Tennis Elbow: Early Treatment is Vital
There are plenty of things you can do to alleviate the pain caused by tennis elbow, says physiotherapist Jane Connolly HPC CSP
Tennis elbow – or lateral epicondylitis – is a common injury affecting the muscles or tendons of the forearm where they attach to the epicondyle of the humerus. It is classed as a tendinopathy which is aggravated by repetitive wrist extension or by gripping strongly whilst twisting your wrist.
Despite being called ‘tennis elbow’ it isn’t only racquet sports that causes the problems. Any job that involves a repetitious overuse of the wrist results in micro trauma within the tendons and may explain why, apart from the very early stages, the problem has been shown to be due to degenerative changes rather than an inflammatory process. Poor working positions on a computer over an extended period of time can also cause pain.
The most common symptom is pain and tenderness on the outside of the elbow or in the muscles of your forearm which comes on gradually over time or even a few days after the initial injury. The pain can vary from mild discomfort to severe pain that gets worse when trying to stabilise the wrist whilst gripping, like holding a cup, opening a jar, using a screw driver or shaking someone’s hand firmly. It’s also aggravated when you bend your wrist backwards against a force, for example when doing backhand in tennis.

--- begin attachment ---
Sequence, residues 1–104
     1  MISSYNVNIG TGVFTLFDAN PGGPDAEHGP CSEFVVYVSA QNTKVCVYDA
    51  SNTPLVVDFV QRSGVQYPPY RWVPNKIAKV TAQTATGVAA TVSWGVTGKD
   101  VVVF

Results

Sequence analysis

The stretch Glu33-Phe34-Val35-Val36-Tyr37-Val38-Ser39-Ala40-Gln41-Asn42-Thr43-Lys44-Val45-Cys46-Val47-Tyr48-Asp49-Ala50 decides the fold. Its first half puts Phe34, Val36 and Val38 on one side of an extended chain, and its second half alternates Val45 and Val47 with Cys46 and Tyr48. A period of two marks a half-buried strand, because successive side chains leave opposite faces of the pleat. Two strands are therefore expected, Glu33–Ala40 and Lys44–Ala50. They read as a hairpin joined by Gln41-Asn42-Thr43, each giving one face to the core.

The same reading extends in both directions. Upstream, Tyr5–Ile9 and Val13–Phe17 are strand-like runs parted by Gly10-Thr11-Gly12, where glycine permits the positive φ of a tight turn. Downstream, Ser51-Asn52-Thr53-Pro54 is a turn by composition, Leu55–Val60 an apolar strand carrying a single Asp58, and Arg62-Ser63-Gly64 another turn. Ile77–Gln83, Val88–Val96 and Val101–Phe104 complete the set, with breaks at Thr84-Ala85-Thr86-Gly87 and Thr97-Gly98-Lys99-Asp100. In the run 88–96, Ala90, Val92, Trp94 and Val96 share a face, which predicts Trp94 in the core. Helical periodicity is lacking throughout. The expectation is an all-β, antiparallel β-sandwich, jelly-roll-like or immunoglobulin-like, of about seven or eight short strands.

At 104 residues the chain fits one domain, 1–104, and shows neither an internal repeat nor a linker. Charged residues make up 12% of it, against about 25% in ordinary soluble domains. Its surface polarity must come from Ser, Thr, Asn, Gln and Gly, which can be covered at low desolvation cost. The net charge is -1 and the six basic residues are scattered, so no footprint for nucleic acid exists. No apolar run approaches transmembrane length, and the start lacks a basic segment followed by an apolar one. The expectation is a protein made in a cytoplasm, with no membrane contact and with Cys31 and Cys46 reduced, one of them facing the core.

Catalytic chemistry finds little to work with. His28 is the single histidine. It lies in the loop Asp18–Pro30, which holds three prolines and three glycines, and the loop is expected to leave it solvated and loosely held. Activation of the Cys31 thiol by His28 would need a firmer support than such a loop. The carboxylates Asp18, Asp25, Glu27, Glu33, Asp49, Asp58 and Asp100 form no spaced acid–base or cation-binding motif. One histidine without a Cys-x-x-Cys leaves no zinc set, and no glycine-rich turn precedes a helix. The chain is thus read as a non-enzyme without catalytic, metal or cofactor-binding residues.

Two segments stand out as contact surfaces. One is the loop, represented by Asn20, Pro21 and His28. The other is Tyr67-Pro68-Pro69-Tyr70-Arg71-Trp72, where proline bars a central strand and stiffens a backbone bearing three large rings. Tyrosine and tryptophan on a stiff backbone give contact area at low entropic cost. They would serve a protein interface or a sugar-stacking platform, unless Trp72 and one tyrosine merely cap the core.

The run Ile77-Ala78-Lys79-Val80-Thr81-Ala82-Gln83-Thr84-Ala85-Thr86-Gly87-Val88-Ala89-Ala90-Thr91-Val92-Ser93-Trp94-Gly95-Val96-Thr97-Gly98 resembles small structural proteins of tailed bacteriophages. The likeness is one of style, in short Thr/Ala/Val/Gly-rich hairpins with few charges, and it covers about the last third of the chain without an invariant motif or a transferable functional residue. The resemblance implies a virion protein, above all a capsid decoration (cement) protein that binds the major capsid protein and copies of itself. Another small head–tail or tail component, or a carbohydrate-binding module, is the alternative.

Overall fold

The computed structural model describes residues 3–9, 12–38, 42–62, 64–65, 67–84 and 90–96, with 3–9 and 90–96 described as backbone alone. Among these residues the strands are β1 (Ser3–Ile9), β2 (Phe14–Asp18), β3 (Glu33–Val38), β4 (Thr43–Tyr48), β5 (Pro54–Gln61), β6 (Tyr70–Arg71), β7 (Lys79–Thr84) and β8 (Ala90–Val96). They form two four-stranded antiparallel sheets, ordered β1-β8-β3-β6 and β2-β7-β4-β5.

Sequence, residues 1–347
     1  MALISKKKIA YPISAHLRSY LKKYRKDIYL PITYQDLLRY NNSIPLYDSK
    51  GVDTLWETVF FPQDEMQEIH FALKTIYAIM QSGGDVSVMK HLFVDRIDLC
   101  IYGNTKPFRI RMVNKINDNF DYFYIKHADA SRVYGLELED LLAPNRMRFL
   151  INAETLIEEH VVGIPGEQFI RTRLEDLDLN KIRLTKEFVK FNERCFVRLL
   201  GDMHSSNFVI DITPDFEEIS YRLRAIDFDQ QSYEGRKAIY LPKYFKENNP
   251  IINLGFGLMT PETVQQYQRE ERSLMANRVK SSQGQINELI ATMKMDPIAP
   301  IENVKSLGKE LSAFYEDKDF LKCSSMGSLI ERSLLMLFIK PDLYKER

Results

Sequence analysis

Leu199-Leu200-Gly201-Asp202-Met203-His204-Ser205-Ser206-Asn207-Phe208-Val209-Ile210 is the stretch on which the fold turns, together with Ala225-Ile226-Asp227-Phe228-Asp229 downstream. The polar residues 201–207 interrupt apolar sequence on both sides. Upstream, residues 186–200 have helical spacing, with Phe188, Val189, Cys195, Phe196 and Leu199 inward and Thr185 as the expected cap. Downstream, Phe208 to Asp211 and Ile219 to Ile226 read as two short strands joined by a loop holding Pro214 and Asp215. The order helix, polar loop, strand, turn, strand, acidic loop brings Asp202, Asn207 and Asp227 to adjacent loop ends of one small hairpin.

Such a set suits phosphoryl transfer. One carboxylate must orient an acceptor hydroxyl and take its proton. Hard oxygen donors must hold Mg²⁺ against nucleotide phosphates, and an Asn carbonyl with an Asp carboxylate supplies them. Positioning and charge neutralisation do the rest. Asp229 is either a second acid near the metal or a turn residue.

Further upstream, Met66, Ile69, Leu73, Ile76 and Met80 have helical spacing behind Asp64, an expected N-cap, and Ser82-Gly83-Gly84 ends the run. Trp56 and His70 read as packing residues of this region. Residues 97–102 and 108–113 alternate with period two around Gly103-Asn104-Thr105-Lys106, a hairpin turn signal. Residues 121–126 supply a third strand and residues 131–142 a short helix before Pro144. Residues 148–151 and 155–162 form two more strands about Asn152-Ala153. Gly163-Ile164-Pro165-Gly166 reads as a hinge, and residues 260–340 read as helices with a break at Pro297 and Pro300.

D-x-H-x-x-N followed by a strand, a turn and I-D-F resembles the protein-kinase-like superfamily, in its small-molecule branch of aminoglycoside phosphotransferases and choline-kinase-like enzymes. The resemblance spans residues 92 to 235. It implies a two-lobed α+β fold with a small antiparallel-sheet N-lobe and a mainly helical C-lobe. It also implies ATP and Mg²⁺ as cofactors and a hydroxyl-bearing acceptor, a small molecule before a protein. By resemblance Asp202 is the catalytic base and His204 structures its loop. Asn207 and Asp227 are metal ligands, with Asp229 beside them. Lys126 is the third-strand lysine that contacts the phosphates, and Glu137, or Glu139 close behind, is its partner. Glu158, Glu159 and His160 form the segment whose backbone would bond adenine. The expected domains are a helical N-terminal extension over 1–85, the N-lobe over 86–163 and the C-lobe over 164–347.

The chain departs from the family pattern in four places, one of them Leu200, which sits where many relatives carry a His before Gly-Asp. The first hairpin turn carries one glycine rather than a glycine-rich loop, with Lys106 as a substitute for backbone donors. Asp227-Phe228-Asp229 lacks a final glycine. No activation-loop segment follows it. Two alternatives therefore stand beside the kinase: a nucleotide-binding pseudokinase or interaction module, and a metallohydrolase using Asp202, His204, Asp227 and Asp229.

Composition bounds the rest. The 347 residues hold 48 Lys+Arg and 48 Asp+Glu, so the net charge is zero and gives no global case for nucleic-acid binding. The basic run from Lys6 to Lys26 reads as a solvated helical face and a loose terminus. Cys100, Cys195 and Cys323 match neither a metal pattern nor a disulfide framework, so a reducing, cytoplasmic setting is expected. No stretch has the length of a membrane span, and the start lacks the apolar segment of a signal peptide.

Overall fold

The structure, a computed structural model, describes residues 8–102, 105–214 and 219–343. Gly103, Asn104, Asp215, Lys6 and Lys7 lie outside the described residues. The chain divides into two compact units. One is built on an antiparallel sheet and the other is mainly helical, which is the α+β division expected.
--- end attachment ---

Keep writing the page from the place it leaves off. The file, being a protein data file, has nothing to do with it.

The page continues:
Mild symptoms of tennis elbow ease with rest and most importantly by avoiding aggravating activities. There are some things you can do to help yourself. Lifting objects with your palm facing up, not down, will put less strain on your damaged muscles or using ice on your elbow can ease your pain for a while. For some wearing a strap, splint or brace around your forearm may help relieve the strain on your tendon meaning that you can continue with activities once the pain has settled down.
Physiotherapy is usually very effective in reducing pain and maintaining and improving movement and mobility. There are various techniques to reduce pain including deep tissue massage, ultrasound and laser therapy and most importantly exercises which are graded within the limits of pain to slowly increase muscle strength and length without causing damage.
Early treatment before the condition becomes chronic is most beneficial. Waiting too long can mean that the treatment choices become more invasive such as steroid joint injections, but often these ease pain initially but have limited success in the long term. As with every procedure, there are some risks linked with steroid joint injections. Other procedures offered are autologous blood injections which involve a sample of your blood being taken and injected back into your elbow or platelet-rich plasma injections which involves the plasma and platelets being injected.
Tennis elbow usually gets better using the treatments listed above. Early treatment intervention and rest, avoiding things that make it worse, is essential due to the degenerative nature of the condition. As a last resort you may be recommended to have surgery but often by this time the damage is done.